Now, for the not so positives. The writing was weighed down by laboured similes (in which red fishes are “gelatinous mice” and headlights seem “traced out of nothingness by the invisible hand of God”). Ineffectual descriptions added little to the narrative, seeming more confusing that evocative (a particularly bad one is: “They looked different, but I couldn’t put my finger on what it was. Other than to say they were thinner, and they no longer looked like children. It reminded me of how Petrona didn’t look her age, but older. Like they were scratched behind their faces.”). Chula and Petrona’s had a too similar way of narrating things, which cast a doubt on their supposed differences in age/class.
Chula’s perspective is incredibly one-dimensional. Chula is looking back to this period of her life. She’s now older and in America. Yet, ‘present’ Chula offers no special insights into what happened in Bogotà. She more or less sticks to the perspective she had of things as a child. She doesn’t understand and is mystified by what’s going on around her. There is 0 foreshadowing, which again felt like a missed opportunity. It would have added much needed suspense and provided a break from child-Chula’s limited pov. I wasn’t expecting a Kazuo Ishiguro level of conversation between past and present but Chula’s perpetual incomprehension grated on me. And Contreras could have done something more similar to what Wayétu Moore does in her memoir (the first section she recounts the Liberian Civil War as she experienced it—that is as a child—while the following ones focus on her as an adult looking back on those same events).
Perpetua’s chapters were brief and intentionally vague. Her feelings towards Gorrión and her employers are never clearly depicted. A lot of what she does or say seemed out of the blue, and ultimately made her into an unconvincingly inconsistent character. Her story also seems to carry a moralistic tone that I didn’t particularly care for (her mother warned her not to frequent that “bestia, animal, atrevido, desgraciado” who is “black like dirt”).
The mothers in this novel are portrayed like the classic ‘hysterical’ mothers, prone to screaming outbursts and fits of violence. 90% of the time Chula’s mother is portrayed as being horrible, irrational, and/or insensitive. Then she has these very out-of-character in which she seems to have had a completely switch of personality. While I know from personal experience that there are parents who can be very erratic (the joys of bipolarity) Chula’s mother was often presented as being some sort of wicked witch (the whole thing with the drunken tree). Her instability existed only to make readers pity Chula (who otherwise would have been too ‘privileged’).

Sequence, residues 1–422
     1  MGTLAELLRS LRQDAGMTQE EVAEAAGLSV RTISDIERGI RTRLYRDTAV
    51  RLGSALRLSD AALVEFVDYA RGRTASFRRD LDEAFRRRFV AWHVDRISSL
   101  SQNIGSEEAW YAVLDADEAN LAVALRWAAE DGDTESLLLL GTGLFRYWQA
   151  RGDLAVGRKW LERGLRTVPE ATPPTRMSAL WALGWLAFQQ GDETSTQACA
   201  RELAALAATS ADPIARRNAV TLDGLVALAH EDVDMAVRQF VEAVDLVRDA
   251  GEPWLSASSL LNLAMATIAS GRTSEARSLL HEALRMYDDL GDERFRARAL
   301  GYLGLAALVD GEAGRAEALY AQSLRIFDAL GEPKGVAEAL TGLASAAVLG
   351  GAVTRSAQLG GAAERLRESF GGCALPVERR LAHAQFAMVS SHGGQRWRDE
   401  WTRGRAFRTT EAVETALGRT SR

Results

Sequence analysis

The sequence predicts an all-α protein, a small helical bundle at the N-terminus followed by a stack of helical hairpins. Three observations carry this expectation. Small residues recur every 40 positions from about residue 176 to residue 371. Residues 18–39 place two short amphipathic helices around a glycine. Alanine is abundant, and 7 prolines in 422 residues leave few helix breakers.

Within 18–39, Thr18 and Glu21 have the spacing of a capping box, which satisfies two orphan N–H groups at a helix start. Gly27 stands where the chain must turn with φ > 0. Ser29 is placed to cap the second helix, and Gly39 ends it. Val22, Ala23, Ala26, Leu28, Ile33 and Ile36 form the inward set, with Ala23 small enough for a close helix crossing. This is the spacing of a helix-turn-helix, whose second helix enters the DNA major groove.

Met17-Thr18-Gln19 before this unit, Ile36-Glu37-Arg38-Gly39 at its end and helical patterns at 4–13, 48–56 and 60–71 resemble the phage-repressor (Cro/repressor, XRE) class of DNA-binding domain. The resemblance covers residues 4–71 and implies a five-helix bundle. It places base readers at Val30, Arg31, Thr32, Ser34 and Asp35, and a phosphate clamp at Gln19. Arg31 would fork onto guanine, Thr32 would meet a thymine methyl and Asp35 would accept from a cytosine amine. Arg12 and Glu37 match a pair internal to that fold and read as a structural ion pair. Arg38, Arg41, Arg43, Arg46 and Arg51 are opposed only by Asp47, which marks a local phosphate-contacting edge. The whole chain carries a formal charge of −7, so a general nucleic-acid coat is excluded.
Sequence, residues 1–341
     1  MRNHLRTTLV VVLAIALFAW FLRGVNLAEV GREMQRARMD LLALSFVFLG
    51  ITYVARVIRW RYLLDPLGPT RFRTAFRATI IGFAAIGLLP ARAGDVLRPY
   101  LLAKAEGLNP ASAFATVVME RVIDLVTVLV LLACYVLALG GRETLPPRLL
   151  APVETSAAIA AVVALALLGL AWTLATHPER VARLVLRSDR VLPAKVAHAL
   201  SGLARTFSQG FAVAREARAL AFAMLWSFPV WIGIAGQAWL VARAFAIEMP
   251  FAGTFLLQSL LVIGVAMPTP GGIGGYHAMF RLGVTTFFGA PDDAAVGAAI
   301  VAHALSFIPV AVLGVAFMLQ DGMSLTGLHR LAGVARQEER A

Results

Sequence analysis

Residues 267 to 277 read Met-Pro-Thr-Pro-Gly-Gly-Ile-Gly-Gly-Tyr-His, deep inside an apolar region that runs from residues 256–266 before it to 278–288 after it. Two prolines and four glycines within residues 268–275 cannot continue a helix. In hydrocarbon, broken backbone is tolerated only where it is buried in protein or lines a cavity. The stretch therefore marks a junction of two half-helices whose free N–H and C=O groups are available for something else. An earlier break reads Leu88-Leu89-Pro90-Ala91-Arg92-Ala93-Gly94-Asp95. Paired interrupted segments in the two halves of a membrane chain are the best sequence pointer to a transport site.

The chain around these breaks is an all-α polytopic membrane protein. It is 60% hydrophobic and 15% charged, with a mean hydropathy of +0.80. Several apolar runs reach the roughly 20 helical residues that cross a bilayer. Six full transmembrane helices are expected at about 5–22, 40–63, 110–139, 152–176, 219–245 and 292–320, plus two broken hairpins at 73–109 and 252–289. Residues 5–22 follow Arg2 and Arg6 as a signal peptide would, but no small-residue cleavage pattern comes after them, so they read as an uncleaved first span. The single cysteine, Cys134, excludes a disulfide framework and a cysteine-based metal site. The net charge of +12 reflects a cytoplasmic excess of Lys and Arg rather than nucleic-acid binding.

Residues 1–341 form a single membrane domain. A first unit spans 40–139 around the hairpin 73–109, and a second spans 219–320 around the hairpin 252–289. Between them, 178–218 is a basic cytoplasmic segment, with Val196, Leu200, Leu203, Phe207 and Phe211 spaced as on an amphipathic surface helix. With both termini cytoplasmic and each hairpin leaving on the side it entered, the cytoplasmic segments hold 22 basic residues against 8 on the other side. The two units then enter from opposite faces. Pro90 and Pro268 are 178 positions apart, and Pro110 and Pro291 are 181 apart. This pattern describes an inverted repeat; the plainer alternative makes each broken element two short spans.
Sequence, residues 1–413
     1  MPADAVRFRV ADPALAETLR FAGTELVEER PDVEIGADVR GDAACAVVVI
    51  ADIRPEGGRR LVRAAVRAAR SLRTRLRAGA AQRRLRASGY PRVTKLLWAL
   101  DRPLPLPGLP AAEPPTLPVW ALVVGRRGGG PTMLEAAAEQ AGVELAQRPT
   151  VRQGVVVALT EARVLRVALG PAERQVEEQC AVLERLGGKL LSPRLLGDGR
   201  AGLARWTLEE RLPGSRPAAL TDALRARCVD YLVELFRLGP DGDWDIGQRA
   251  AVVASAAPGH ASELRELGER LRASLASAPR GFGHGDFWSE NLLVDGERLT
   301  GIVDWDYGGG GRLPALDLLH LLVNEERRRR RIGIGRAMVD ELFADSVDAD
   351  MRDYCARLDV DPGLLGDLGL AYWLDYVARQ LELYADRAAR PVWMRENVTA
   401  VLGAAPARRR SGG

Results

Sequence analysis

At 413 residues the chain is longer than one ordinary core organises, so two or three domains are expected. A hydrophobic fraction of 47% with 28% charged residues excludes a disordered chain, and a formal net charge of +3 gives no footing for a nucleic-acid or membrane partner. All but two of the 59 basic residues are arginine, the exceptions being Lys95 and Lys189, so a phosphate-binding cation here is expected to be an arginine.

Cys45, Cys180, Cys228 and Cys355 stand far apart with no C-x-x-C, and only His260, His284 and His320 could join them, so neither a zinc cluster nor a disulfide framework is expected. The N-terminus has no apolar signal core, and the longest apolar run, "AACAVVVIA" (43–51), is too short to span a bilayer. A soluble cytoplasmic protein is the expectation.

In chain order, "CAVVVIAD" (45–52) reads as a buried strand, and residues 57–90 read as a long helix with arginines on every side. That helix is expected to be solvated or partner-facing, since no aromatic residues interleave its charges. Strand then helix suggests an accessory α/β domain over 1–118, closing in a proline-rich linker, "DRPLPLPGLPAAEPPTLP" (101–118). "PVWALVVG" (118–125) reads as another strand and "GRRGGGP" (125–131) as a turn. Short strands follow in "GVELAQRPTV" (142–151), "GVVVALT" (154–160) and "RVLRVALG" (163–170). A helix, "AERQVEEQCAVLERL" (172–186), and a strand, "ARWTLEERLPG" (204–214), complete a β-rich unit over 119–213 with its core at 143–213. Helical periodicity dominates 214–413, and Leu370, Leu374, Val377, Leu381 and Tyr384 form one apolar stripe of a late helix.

Now….Gorrión. He is the only explicitly black character and he’s a monster with no redeeming qualities. Every scene he’s in is made to feel the reader uneasy. His eyes ‘bore’ into this and that, he uses his body to intimidate women and children, he’s an abusive rapist with no scrupulous. He’s just bad, through and through. Often, he’s described as the ‘black guy’ or the young man with ‘afroed hair’. Other are suspicious of his blackness, and the narrative seems to agree with their racial judgment. He’s the true ‘villain’ of the novel while Escobar remains a background figure. Gorrión doesn’t have a real personality as he only seems to have morally reprehensible character traits. The way the author describes his eyes and nose also worked to give this impression of Gorrión being less-than-human. Which…how about not (before I’m accused of being overly sensitive, there are at least three other reviews on GR who—regardless of whether they ultimately liked or disliked this novel—criticised the author’s portrayal of Gorrión.
The novel’s examination of class divide seemed simplistic and relied on tired stereotypes.
The drawn-out plot is slowed down by the author’s repetitive language. Some of the characters seem to change in the last few chapters, but this change seemed more for effect than anything else.

Overall, I did not like this novel. It was quite moralistic (especially towards Perpetua’s sex life) and the ‘friendship’ between Chula and Perpetua was poorly developed. The author seemed only to have scratched the surface of the reason why Chula was so obsessed with Perpetua. The characters—in particular the adults and Perpetua—acted incongruently throughout the novel, often only to add unneeded drama or angst.
I doubt I will ever feel inclined to read more by this author.

My rating: 2 of 5 stars

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The Confession by Jessie Burton – book review